Myanmar activists launch rare anti-hate speech drive
An anti-hate speech activist (R) delivers stickers urging people to “watch what we say so that hate between mankind does not proliferate”, on a street in Yangon on April 4, 2014 - by Soe Than Win
Volunteers urged passers-by to focus on promoting social harmony in the former junta-ruled nation, where scores have been killed and tens of thousands left homeless in anti-Muslim unrest since 2012.
Campaign stickers appealed to people to "watch what we say so that hate between mankind does not proliferate".
Surging sectarian vitriol on social media has accompanied the bloodshed, while extremist monks have been accused of fanning the flames of hatred by campaigning for boycotts of Muslim businesses and restrictions on inter-faith marriages.
"There is so much hate-speech in our country. We don't want that. We want to dispel it," 28-year-old Thant Zin Htwe told AFP, after posting stickers on taxis and buses in the commercial hub Yangon.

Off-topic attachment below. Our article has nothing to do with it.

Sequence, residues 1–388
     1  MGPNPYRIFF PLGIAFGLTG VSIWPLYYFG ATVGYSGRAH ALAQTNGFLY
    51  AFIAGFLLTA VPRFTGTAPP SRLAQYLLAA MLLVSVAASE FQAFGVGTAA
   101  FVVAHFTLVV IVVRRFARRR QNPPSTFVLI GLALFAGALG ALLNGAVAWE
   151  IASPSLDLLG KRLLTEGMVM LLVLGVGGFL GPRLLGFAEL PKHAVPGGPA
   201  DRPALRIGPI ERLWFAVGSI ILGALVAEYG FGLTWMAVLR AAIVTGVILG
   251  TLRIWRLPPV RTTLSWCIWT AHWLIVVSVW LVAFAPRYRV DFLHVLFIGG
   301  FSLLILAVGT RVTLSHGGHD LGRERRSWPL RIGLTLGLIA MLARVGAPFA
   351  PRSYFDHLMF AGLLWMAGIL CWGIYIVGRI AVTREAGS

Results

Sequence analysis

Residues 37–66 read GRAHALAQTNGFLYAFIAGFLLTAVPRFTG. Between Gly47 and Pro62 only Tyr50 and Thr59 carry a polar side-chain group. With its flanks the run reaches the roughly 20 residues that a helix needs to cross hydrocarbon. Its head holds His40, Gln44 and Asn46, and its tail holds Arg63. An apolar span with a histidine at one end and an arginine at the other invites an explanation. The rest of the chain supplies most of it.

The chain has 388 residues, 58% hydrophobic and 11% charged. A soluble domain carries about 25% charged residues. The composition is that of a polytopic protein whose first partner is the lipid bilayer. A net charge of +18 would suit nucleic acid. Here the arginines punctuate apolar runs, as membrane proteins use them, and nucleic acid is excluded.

Myanmar emerged from outright military rule in 2011, but the relaxation of suffocating authoritarian control under a new quasi-civilian government has also opened the way for communal unrest.
Last week seething tensions in western Rakhine State erupted into unrest when Buddhist mobs attacked international aid groups, which they accuse of being biased towards Muslims.
"I found some people writing things like 'foreigners are so arrogant, they should be beaten and killed'," said blogger and former political prisoner Nay Phone Latt, who is helping to organise the campaign.
"People will slowly become rotten in their minds if they see that dangerous hate speech," he told AFP.
He said the movement is also urging people to identify hate speech on Facebook, which is hugely popular among the small percentage of the population with access to the Internet, so that it can be reported and removed.
Nay Phone Latt said it was "more dangerous" if monks or government ministers spread hate speech.
He has been a rare public voice against the violence and hate speech that has proliferated since two waves of religious bloodshed in Rakhine in 2012 that sparked anti-Muslim violence across the country.
Organisers, which include several grassroots activist groups, said some 200 people participated in the launch of the campaign, which has a Facebook page full of pictures of people holding flowers in their mouths.
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